The Get: A Spiritual Memoir of Divorce

Overview

The Get is the story of a woman's journey through love, divorce,
spirituality, empowerment and, finally, self-discovery. It focuses on the real-life experiences of a modern woman who is pressured to participate in an ancient Orthodox ritual that ends her thirty-year marriage. Initially fearful of participating in an ancient ceremony that requires her to stand alone before a panel of emotionally distant Orthodox rabbis, she ultimately comes to believe that the get is truly a ...

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Overview

The Get is the story of a woman's journey through love, divorce,
spirituality, empowerment and, finally, self-discovery. It focuses on the real-life experiences of a modern woman who is pressured to participate in an ancient Orthodox ritual that ends her thirty-year marriage. Initially fearful of participating in an ancient ceremony that requires her to stand alone before a panel of emotionally distant Orthodox rabbis, she ultimately comes to believe that the get is truly a profound emotional experience. With the assistance of two very special spiritual leaders, she confronts her insecurities and fears,
and emerges victorious.

This beautifully written book details a process that has rarely been told before. Readers of all faiths will be fascinated by this personal and spiritual quest from loss to abundance. Readers will be propelled through an experience of anxiety and intensity until the moment of finality is reached, when a single piece of parchment-representing a life together-is dropped into the author's hands and cut.

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Product Details

  • ISBN-13: 9781558749290
  • Publisher: Health Communications, Incorporated
  • Publication date: 9/1/2001
  • Pages: 275

Meet the Author

Elise Edelson Katch is a licensed clinical social worker in private practice in Denver, Colorado, specializing in trauma, sexual abuse and divorce. She holds a B.A. in the social sciences and an M.A. in reading education from the University of Colorado, as well as an M.S.W. from the University of Denver. The American Professional Society on the Abuse of Children has recognized her for outstanding achievement in the field of child abuse and neglect. Elise helped craft the first child-custody guidelines in Colorado, and was the founder and first president of the Colorado Professional Society on the Abuse of Children. She has been an adjunct professor at the University of Denver Graduate School of Social Work and apresenter at the Colorado Psychological Association. Often quoted in the print media, Elise has done television interviews both locally and nationally.
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Read an Excerpt

Introduction

His eyes showed concern. He said that we needed to talk.

"I don't want you hurt by the process. You should be healed and separate."

I have to say, I was surprised by his intensity and choice of words.

This is very important.

I want the get to be good for you.

It is a powerful experience.

On some obscure level I already knew this. I can't tell you why, but for along time I sensed that the get, this unique Jewish divorce, the one my husbandwas so anxious to complete, was something very special.

PartI - Before the Get

Chapter 1

Another Woman

Almost immediately after our separation, my husband began to spend serioustime with a woman I knew. A professional acquaintance of mine. Someone I liked.We had recently spent a great weekend together, and when she called, on thatfirst night after the retreat, I thought it was to make plans for dinner or amovie.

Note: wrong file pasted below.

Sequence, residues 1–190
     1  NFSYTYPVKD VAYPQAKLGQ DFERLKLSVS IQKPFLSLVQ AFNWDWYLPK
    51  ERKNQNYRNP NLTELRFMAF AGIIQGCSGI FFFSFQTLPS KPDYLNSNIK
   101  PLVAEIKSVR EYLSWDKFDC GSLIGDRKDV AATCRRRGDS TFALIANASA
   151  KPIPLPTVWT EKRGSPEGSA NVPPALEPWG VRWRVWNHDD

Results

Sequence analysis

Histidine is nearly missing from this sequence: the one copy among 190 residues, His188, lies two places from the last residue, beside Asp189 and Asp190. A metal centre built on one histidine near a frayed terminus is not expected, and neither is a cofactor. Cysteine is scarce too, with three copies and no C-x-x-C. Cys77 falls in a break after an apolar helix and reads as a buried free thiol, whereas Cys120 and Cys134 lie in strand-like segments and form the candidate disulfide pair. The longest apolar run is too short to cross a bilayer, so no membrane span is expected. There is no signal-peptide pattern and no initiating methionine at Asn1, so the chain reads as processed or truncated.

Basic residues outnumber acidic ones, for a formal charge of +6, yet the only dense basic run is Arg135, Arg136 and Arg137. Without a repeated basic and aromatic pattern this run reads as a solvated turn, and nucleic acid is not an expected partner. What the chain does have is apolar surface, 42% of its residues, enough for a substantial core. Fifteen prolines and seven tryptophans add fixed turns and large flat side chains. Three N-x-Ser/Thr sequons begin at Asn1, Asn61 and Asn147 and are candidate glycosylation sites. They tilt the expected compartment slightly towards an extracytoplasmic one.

"I think your husband is going to ask me out," she said on the telephone. "Wemet at services and I really want to know what you think because it doesn't seemlike you and I can remain friends if we begin to date."

Date?

The word jolted me.

It was too soon.

And. . . .

After our special weekend together, I was excited at the thought of a newfriend. Friends were worth a lot these days. A lifeline to continuation. Theykept you above water when the predominant feeling was drowning. She and I hadjust spent three days together pouring our hearts out about lengthy marriagesand recent separations. During the annual religious women's retreat, we turned acasual relationship into a bonded experience. There was a definite connection.We talked about my husband, our relationship and what kind of a person he was. Ishared things with her that I had told no one. She seemed so interested.

Her pain was obvious during our weekend together, as she also shared detailsof her failed marriage. She wanted to know what I thought about the woman herhusband was dating.

"How could he fall in love so soon? We have only been separated two months.If I hear one more person tell me how wonderful she is, I'll scream."

I knew the woman her husband was dating and I liked her. Without much thoughtI said, "Better her than some bimbo."

"A bimbo would be easier on the ego."

I did not agree.

I know I wasn't thinking clearly when I responded to her telephone call, as Itold her that I honestly believed that dating my husband would be okay. Denverwas such an incestuously small community. It seemed understandable that she andmy husband found each other. They were both lonely and newly separated, withthirty-year marital histories. I thought it was good that I liked her. I wasjust unprepared for my husband to begin to date. After all, we were just separated.I had no plans for them to fall in love.

# # #

I didn't know much about my husband's life. At his suggestion we had littlecontact. So strange. One day there exists a powerful connection. Assumptions offorever. Then nothing. This was not like our previous separation when I hadasked him to leave.

# # #

I asked him to move out. We needed distance. His rage was simply too intenseand it frightened our daughter. I never thought of it as abusive. It was justthe way things were. It surprised me that I felt an immediate sense of reliefwhen he left. My husband's experience was different. The aloneness wasintolerable for him. We had contact several times a week. I complained.

"Isn't this about distance? We talk and spend more time together now that weare separated."

During that first separation, he called often at two or three in the morning."I need you. I love you. Help me through this terrible night. Please."

I eased him through those awful times. I never thought of telling him not tocall. He was in too much pain. This was a time to work things out. It was notpunishment. Now, two years later, this separation felt very different.

# # #

He moved out the day before I flew to Chicago. I thought about not going. Acelebration seemed alien at this moment, but staying home seemed wrong.

Over the years, my sister and I had supported each other during our children'ssignificant life experiences. There wasn't much family left, and we weresisters. Her significance in my life was not simply about sharing geneticmatter. She was someone very special to me. Not going felt too self-indulgent.